Bat-tank discourse… I bet you didn’t have that one cropping up in 2022 on your bingo card. Look, I see people left and right online trashing the Batmobile sections of Arkham Knight. Frankly, I can’t wrap my head around it. It makes no sense to me. It’s baffling. They’re a wonderful addition to the Arkham series, and something that kept it fresh when – let’s be honest – it was becoming a bit formulaic and repetitive.
In the Arkham games, you have the grappling hook and a gliding mechanic that comes part and parcel with the cape. You can parkour, although not as well as Ezio Auditore, and are able to interact with the world of Gotham. Well, the rooftops of Gotham at least. Each game made it slicker. Even Origins did. But doing that same song and dance over and over would just cheapen it. Take Assassin’s Creed – by the time we reached Black Flag, there was only so much more that you could do with climbing. It’d been done to death in that series alone, and it was continuing on from Prince of Persia which had been doing it since the PS2 days.
So, Black Flag overhauled and emphasized the boats of 3. It became a huge part of that game and the main way of going from A to B. That kept things fresh. The tank sections of Knight are in the same ballpark. Suddenly, you could get around Gotham in your sweet, over-the-top, macho billionaire toy. It had skins, custom paint jobs, races, and even combat objectives where you duke it out with the thugs fighting for Scarecrow and co.
Were they really ‘riddles’, those Riddler tracks? Not especially, but it was something completely new that hadn’t been done in the other games making Knight stand out. It didn’t feel like more of the same. The physics of the destructible environments only added to that oomph that came with driving around in this beast of a car, separating it from even other open-world games of its ilk like Grand Theft Auto, Saints Row, and Just Cause. Yet people call it repetitive.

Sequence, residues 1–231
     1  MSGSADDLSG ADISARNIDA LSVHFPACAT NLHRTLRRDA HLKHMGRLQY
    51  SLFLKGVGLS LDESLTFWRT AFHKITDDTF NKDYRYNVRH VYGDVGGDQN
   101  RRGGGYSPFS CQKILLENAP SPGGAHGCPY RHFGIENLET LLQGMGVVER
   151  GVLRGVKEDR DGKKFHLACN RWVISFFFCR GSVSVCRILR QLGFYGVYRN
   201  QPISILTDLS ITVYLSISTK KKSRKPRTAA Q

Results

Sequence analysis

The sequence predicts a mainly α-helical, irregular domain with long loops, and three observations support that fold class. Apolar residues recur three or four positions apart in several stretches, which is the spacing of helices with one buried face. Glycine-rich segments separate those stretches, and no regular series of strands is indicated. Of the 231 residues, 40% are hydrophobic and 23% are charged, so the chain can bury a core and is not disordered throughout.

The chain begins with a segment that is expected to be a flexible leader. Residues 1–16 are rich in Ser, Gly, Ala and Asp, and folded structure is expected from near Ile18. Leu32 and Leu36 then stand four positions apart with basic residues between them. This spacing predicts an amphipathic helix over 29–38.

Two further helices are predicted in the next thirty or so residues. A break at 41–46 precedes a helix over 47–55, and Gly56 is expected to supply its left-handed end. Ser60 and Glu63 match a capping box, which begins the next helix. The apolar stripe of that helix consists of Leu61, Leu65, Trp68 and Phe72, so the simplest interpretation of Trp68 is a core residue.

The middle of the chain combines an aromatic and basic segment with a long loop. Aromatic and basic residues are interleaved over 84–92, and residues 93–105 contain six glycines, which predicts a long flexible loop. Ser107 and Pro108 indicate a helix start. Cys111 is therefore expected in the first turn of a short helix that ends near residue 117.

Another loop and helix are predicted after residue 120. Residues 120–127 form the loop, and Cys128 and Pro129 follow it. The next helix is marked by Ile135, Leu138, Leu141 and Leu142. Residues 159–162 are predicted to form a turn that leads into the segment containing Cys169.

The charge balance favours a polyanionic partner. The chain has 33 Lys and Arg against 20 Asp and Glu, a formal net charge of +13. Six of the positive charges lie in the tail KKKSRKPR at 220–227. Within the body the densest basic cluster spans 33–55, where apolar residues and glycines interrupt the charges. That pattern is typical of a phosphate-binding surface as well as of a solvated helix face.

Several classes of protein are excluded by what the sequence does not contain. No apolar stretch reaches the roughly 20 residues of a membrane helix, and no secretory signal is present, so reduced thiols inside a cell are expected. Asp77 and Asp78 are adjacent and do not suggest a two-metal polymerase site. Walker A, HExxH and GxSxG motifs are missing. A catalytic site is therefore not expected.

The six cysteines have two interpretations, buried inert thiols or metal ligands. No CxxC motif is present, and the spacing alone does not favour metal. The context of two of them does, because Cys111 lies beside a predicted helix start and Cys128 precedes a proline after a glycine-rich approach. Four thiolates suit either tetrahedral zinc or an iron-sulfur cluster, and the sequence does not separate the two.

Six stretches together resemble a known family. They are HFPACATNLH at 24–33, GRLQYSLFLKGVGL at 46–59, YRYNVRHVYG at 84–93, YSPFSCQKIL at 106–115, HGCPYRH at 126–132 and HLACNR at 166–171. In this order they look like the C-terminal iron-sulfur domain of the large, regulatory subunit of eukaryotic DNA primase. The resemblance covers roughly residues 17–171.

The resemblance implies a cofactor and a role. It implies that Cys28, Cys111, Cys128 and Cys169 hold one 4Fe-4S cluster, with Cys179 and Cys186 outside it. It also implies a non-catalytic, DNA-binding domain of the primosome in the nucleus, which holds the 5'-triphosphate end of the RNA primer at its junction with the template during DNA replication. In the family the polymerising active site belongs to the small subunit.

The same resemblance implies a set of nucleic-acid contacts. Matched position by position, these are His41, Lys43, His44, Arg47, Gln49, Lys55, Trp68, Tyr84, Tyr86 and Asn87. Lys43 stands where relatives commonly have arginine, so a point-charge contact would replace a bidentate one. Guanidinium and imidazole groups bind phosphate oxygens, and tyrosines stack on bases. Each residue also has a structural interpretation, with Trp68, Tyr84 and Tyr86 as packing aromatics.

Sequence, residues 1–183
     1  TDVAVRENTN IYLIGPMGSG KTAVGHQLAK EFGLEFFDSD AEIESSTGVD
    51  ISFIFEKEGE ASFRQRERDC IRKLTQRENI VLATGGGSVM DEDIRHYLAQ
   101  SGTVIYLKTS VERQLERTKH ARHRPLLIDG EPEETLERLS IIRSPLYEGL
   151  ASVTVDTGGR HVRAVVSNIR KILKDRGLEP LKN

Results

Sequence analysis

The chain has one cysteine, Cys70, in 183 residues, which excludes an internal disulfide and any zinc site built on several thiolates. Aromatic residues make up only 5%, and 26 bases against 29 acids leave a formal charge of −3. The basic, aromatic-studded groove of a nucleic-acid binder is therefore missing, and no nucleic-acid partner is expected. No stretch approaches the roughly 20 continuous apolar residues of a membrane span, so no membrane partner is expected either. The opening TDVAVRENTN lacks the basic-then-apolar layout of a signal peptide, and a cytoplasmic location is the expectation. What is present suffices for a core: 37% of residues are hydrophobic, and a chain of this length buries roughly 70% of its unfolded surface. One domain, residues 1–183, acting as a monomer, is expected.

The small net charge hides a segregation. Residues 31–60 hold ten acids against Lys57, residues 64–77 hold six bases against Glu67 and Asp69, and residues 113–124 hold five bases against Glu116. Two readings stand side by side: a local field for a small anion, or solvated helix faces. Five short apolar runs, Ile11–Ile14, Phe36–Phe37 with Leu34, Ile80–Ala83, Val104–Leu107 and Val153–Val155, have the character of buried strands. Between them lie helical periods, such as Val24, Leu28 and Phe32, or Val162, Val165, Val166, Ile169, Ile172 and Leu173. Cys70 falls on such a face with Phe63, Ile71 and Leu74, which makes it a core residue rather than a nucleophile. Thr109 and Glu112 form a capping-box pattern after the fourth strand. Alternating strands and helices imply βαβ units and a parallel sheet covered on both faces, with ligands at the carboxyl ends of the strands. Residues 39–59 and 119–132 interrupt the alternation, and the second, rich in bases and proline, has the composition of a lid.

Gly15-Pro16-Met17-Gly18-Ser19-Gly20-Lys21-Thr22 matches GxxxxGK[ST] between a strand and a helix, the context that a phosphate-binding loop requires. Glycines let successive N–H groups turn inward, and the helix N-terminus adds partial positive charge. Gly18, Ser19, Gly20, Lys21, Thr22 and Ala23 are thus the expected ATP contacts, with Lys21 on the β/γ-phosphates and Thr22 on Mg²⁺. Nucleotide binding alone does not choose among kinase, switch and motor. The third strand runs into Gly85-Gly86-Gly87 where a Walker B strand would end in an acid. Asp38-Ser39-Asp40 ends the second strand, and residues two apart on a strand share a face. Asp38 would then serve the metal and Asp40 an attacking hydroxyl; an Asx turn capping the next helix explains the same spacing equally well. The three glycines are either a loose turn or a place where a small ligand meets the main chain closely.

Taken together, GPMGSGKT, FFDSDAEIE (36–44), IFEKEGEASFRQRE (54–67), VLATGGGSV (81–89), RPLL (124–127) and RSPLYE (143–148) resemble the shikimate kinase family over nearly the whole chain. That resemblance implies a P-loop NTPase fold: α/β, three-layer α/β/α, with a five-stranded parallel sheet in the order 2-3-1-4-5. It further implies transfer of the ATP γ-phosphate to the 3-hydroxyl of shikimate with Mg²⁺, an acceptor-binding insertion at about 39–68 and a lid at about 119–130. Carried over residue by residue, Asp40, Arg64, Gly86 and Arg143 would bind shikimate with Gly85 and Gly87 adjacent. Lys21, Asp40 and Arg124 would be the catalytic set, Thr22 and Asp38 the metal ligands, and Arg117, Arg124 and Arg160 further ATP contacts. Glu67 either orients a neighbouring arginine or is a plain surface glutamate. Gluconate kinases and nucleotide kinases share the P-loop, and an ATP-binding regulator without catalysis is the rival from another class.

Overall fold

The tank sections get singled out and it’s boggling. Repetitive isn’t something that’s exclusive to the Batmobile. So much of the Arkham series is recycled gameplay elements in new settings. How many of the same stealth scenarios have we done? How many similar crime scenes have we dug through for clues? How many combo-mashing brawls with thugs have we been thrust into? So much of Arkham is repetitive.
That isn’t bad because it does all of these things to near-perfection. Those stealth scenarios are plain and simple fun. You feel like Batman, picking off hapless goons, scaring them, hearing on the radio chatter as they slowly begin to unravel while the fear sinks in. Meanwhile, the brawls make you feel like Batman in a different way. Now, you’re the kick-ass Dark Knight who knows how to throw a mean right hook and take a few punches. Hell, you can even stomach a good wooden board to the kneecaps and shrug it off.
Being a detective is a vital part of Batman’s persona even if the films often fall flat in that area. All of that being repetitive is ultimately okay because we get to feel like Batman which is, frankly, cool. Maybe that’s a bit of a low bar but damn, it feels great to be the caped crusader, showing up these wannabe supervillains in this derelict city where the solution to every problem seems to be a few uppercuts and jabs. The tank portions are a crucial part of letting us feel like Batman.
We get all that aforementioned, over-the-top, comic-book shlock pure entertainment, but then we get the indestructible monster of a car with guns and missiles attached thrown into the mix, one that manages to also zoom around like it’s on an F1 track. It only heightens what made Arkham such a mesmerizing series.
I’m glad that Rocksteady is moving on now, trying its hand at co-op, because Arkham was running out of wiggle room. The tank sections were enough to avoid burnout for Knight, but there's not much else to play around with, and even throwing that into the mix proved unpopular. But it's awesome. Being Batman is awesome. I’ll never apologize for enjoying the tanky gunfights and Riddler races because god damn it, they were awesome.
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